My son is Black and living with autism. How do I protect him from police brutality?
Areva Martin and her son

For any Black parent, the talk is a difficult moment. For those of us with children with autism, it is doubly so. I know many Black American males — doctors, lawyers, teachers — who have harrowing stories of encounters with police. If these prominent professional men struggled in their encounters with police, it terrified me to think about what could happen if my son were ever stopped and questioned. Although my son, Marty, who is on the autism spectrum, is intelligent and high functioning in some areas, he, like most people with autism, processes information differently.

I constantly worry about what would happen if he encounters the police and failed to fully understand a verbal command given to him. What if he became fidgety or mistakenly reached for his wallet? A million nightmarish scenarios run through my mind. I have had to rethink whether the talk would even work with my son.

I know that I am not alone when it comes to worrying that a loved one with autism, or a developmental disability, or mental health challenges will one day encounter the wrong cop — one who won’t recognize that special needs people often require patience.

Read more on Mic.

Photo of Areva Martin with her son.

This is an external article from our library

Everyone is talking about caregiving, but it can still be difficult to find meaningful information and real stories that go deep. We read (and listen to and watch and look at) the best content about caregiving and bring you a curated selection.

Have a great story about care work? Use our contact form to submit it to us so we can share it with the community!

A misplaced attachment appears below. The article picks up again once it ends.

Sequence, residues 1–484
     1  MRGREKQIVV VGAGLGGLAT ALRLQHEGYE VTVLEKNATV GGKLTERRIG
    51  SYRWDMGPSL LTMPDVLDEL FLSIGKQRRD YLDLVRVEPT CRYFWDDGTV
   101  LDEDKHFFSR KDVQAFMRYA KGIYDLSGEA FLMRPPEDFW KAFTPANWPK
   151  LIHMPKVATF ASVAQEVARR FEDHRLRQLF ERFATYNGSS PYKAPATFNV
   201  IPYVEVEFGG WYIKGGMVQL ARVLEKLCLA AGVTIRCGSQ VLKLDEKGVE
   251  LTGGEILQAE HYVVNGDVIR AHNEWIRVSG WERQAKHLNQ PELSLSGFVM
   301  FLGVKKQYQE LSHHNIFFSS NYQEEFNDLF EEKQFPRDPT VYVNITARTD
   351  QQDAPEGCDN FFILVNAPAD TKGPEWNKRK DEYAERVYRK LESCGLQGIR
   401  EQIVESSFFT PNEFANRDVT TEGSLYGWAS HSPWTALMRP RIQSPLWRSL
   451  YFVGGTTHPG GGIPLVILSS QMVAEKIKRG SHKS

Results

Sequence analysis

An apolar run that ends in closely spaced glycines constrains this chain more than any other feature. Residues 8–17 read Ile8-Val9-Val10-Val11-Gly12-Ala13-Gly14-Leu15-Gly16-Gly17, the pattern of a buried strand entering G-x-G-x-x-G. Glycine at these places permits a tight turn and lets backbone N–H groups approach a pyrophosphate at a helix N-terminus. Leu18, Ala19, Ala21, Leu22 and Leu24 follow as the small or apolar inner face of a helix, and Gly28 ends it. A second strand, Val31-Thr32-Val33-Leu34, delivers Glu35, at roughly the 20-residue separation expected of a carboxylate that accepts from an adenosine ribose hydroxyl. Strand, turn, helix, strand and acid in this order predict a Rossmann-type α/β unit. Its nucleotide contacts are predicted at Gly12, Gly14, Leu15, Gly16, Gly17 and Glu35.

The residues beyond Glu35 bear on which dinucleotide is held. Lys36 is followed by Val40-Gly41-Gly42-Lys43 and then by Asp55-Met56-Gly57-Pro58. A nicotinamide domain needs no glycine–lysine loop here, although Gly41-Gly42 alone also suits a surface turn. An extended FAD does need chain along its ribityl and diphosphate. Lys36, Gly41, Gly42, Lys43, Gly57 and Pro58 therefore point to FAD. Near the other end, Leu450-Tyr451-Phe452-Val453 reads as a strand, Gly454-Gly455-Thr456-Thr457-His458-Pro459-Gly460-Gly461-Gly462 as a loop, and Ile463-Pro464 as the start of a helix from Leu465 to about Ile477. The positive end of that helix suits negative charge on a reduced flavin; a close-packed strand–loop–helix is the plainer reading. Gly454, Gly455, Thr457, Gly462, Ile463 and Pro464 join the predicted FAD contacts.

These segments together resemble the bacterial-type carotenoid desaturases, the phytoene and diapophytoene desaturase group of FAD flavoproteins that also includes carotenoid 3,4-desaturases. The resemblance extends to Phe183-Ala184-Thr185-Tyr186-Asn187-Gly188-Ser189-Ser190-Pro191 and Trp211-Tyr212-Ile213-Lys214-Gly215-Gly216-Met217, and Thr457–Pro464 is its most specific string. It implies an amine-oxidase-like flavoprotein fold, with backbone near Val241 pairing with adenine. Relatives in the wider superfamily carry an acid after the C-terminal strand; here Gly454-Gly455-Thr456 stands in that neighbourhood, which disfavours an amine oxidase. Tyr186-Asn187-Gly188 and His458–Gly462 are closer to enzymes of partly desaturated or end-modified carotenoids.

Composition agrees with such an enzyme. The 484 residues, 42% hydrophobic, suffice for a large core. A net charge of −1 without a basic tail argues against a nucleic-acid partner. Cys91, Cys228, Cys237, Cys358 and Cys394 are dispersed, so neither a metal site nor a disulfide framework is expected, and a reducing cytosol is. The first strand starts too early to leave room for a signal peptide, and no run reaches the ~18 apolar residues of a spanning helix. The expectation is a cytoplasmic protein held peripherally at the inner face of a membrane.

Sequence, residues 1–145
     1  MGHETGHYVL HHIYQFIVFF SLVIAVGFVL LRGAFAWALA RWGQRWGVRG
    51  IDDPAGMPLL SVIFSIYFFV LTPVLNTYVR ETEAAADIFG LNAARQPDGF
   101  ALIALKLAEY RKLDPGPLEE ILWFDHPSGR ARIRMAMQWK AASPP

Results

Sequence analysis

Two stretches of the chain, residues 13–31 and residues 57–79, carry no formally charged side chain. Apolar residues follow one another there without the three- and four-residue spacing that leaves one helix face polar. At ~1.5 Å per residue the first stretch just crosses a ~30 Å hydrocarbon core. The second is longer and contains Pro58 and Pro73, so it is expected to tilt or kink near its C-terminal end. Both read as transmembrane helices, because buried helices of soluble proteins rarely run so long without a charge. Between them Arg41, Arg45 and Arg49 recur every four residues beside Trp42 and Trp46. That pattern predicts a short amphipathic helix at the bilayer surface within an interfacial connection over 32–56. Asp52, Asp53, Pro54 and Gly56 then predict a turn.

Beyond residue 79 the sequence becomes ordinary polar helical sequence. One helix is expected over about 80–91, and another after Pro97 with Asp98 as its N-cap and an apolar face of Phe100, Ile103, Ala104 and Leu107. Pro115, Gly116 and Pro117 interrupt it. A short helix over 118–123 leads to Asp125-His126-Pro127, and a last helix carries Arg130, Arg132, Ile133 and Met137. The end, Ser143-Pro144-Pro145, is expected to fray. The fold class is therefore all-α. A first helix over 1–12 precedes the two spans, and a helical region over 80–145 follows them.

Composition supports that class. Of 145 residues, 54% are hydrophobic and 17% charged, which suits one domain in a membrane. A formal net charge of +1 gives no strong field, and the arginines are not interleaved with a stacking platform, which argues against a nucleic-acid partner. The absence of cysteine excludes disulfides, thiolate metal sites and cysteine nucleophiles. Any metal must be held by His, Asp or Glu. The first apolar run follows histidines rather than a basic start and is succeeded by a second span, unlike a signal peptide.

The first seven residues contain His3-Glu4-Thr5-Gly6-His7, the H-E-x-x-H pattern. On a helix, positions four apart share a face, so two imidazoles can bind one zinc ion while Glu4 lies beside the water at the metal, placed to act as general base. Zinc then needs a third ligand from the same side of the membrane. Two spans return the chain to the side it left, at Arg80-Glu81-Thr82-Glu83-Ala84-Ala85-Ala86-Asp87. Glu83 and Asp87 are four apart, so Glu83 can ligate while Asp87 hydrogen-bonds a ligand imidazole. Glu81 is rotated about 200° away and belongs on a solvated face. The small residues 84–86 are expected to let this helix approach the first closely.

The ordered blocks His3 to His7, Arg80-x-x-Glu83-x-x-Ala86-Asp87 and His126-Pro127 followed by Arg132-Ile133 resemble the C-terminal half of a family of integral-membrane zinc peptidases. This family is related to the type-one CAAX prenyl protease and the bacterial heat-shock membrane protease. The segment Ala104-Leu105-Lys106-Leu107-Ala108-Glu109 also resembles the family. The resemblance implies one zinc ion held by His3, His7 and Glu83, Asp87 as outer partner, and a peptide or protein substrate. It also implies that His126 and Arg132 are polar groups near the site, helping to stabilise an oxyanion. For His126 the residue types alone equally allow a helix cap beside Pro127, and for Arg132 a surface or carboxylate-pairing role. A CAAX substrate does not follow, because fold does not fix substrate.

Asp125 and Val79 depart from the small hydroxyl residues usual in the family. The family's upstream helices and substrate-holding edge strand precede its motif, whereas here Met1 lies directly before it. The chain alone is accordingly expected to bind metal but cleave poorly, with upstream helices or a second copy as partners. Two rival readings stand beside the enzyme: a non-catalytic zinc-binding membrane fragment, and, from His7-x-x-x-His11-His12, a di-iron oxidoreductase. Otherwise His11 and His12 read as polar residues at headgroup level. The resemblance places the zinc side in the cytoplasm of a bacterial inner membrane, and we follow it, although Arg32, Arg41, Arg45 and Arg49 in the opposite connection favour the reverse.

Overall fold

Related Articles

manic pixie dream world

manic pixie dream world

Rayne: Eliza, do you consider yourself mentally ill? Eliza: Rayne, at one time, I would have said I am extremely mentally ill. I no longer say that....

Popular categories

After Caregiving
Finding Meaning
Finding Support

Don't see what you're looking for? Search the library

Share your thoughts


Share your thoughts and experiences

This site uses Akismet to reduce spam. Learn how your comment data is processed.

Join our communities

Whenever you want to talk, there’s always someone up in one of our Facebook communities.

These private Facebook groups are a space for support and encouragement — or getting it off your chest.

Join our newsletter

Thoughts on care work from Cori, our director, that hit your inbox each Monday morning (more-or-less).

There are no grand solutions, but there are countless little ways to make our lives better.

Share your insights

Caregivers have wisdom and experience to share. Researchers, product developers, and members of the media are eager to understand the nature of care work and make a difference.

We have a group specifically to connect you so we can bring about change.